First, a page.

However, what the majority of politicians refuse to recognise is that the British people resent what has already been yielded to Brussels. To recover our right to rule ourselves requires that we leave the EU. This proposal is yet another fudge by those desperate to remain within it.
Colin Bullen
Tonbridge, Kent
Bob Crow’s example
SIR – If this nation had a prime minister half as committed to its people as Bob Crow, the leader of the National Union of Rail, Maritime and Transport Workers, was to the interests of his members, we would all be in a better place. Although I disagreed with his politics, even his critics would have to concede that Mr Crow represented his colleagues quite brilliantly.
P A Feltham
Epsom, Surrey
Miranda’s moment
SIR – Anyone who thinks that Miranda Hart is only a charming buffoon is wrong.
In Sunday’s episode of Call the Midwife, she gave a performance of heart-rending and well judged sensitivity, demonstrating that she is a very fine actor.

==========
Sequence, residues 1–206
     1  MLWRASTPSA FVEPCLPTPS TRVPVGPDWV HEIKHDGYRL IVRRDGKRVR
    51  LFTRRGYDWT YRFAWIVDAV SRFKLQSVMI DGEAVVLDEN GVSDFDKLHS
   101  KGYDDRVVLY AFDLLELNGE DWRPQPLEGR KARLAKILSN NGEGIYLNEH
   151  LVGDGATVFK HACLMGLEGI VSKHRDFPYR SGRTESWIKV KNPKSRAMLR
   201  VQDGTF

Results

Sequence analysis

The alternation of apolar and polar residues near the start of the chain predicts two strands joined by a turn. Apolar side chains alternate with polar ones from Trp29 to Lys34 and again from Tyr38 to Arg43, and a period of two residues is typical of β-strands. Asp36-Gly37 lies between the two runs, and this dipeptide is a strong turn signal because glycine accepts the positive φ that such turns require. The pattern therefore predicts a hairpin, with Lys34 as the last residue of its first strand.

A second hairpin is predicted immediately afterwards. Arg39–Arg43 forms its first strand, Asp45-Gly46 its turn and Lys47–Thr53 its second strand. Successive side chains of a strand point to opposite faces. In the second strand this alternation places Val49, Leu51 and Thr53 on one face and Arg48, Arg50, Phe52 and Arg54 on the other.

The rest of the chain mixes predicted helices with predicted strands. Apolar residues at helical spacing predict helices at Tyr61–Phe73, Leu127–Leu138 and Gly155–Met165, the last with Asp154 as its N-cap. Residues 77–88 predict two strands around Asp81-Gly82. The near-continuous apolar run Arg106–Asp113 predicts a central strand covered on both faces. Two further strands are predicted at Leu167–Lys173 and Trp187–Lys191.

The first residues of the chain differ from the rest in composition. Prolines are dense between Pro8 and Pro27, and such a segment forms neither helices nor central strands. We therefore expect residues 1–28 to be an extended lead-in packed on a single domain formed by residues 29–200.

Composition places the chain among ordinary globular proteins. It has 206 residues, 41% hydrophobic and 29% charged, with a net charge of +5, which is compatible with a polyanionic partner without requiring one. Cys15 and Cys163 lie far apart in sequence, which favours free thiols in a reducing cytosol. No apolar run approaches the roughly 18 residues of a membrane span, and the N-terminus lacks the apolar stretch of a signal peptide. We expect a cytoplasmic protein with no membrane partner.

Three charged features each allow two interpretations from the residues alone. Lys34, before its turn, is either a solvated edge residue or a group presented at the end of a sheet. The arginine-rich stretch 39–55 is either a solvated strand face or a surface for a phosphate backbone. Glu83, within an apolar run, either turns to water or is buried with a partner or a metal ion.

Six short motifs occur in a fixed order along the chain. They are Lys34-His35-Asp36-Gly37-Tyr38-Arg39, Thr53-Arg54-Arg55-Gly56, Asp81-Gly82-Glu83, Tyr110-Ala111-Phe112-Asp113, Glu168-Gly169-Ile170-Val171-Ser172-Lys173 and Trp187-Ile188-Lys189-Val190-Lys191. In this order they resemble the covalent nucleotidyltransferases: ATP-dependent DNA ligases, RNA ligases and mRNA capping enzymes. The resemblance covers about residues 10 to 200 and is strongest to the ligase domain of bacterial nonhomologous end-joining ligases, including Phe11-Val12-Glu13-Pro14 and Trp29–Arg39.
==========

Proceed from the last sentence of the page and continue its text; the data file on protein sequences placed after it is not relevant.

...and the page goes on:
Likewise, those who think the series is lightweight have missed the many subtle and profound messages in the writing.
Penelope Escombe
Brigstock, Northamptonshire
Tony Crosland showed no signs of homosexuality
SIR – I was not only fascinated by Philip Johnston’s article about Tony Crosland and Roy Jenkins, but also very surprised.
Tony was my tutor at Oxford from 1946 to 1948, and we became good friends. He was charming and very good company, but I did not have the slightest idea that he was homosexual – he certainly was not “openly” so in those years; he had a girlfriend called Hilary Sarson. She found him difficult and asked me once to have coffee with her in the Cadena. She wanted advice on how to handle Tony. I told her, bluntly, to drop him. He was always going to put himself first and she would have a terrible time if she married him. Not surprisingly, perhaps, she ignored my advice and married him. She was unhappy and they divorced after a very few years.